3) Not Open To Scrutiny

When someone defends their actions with; “this is my method, it works, I don’t need evidence”, it means that they become bulletproof (no pun intended, LOL) to scrutiny & challenge from competent experts or peers. I mean how can you challenge someone on their views when they choose to take scientific evidence out of the equation?

Being open to scrutiny is extremely important in order to become better, continue to learn, evolve your ideas and be seen as credible.

Again, often we’re not arguing whether something worked or not, it’s WHY it worked that we are trying to get to the bottom of.

So how do you separate the legit from the sketchy?

This can be a difficult task but here are markers of good science as well as some red flags that indicate a claim may not be scientifically valid:


I’m certainly not calling for an abandonment of evidence-based practice. EBP should remain our default setting.

But those of us in the evidence-based “scene” need to remember that this is not a dichotomy where it’s either “evidence-based” or “quackery”. Rather it is a continuum that needs to be considered depending on a given case. Sometimes we need to listen to the anecdotes of other in-the-trenches coaches and doctors who are actually getting success with people.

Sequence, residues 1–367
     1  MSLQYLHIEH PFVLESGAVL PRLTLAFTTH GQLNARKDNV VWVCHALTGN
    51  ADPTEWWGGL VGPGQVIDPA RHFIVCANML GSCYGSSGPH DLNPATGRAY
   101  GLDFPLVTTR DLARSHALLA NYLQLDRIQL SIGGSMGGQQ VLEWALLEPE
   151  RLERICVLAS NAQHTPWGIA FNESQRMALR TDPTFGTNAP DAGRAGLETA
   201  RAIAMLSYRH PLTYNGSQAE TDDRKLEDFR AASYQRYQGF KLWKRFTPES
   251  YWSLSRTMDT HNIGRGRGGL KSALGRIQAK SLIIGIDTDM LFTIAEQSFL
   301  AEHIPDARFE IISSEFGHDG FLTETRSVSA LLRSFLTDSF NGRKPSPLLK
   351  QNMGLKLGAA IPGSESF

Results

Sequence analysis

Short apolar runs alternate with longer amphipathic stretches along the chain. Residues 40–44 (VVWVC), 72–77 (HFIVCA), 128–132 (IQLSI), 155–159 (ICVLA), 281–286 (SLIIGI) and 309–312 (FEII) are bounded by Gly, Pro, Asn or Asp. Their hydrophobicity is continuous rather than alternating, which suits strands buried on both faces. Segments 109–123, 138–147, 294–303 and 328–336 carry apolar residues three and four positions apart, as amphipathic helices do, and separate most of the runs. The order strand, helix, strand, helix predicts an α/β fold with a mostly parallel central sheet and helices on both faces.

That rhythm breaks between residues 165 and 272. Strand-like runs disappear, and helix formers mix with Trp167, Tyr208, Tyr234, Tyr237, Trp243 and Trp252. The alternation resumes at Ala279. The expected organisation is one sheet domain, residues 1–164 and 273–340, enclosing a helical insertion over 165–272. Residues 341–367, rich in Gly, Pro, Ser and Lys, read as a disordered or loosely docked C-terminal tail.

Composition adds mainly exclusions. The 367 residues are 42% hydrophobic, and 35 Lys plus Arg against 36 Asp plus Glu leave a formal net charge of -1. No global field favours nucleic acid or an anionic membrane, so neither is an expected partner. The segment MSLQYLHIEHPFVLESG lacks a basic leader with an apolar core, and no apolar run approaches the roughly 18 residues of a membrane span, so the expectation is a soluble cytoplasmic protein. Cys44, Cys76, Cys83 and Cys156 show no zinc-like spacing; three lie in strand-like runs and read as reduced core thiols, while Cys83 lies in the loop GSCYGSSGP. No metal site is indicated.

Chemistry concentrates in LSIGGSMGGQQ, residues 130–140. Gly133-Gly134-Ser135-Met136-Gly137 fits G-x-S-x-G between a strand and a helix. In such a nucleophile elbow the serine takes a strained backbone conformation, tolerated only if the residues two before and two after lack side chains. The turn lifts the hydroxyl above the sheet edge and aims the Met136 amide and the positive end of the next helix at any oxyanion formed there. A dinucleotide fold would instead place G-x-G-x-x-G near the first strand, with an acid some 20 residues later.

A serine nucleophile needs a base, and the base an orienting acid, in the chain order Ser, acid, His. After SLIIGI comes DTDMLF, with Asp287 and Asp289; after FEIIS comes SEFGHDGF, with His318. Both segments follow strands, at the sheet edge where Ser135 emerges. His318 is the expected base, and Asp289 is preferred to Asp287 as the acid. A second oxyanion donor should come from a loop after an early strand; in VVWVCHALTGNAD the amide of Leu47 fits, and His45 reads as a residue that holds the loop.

Obviously anecdotal data has to be taken for what it is; an anecdote. It’s rightly at the bottom of the hierarchy of evidence.

Not everyone who uses strategies that fall outside of overwhelming clear evidence is a quack. But as Alan Aragon has pointed out previously, not all anecdotes are created equal.

As an example, an anecdote from let’s say a former tech-based businessman pedaling over-priced supplements on the internet is VERY different from an anecdote from a world-class coach with a track record of being involved in academia and is highly respected by his scientific peers.

Irish comedian Dara O’ Briain put it best: “There’s a kind of notion that everyone’s opinion is equally valid… my arse!” (see video at bottom of page)

It doesn’t mean their strategies/conclusions will always be correct for the reasons they claim. But it’s worth having a conversation about. Such conversations generally lead to learning for all involved.

At the core foundation of our approach should be evidence. But this should be something that aids us, not restricts and constrains us.

I realize much of this post has been talking in abstract terms. In the next post, I’ll lay out some examples of potentially useful practices that still need more research to be classed as evidence-based practice.

“There’s a kind of notion that everyone’s opinion is equally valid… my arse!”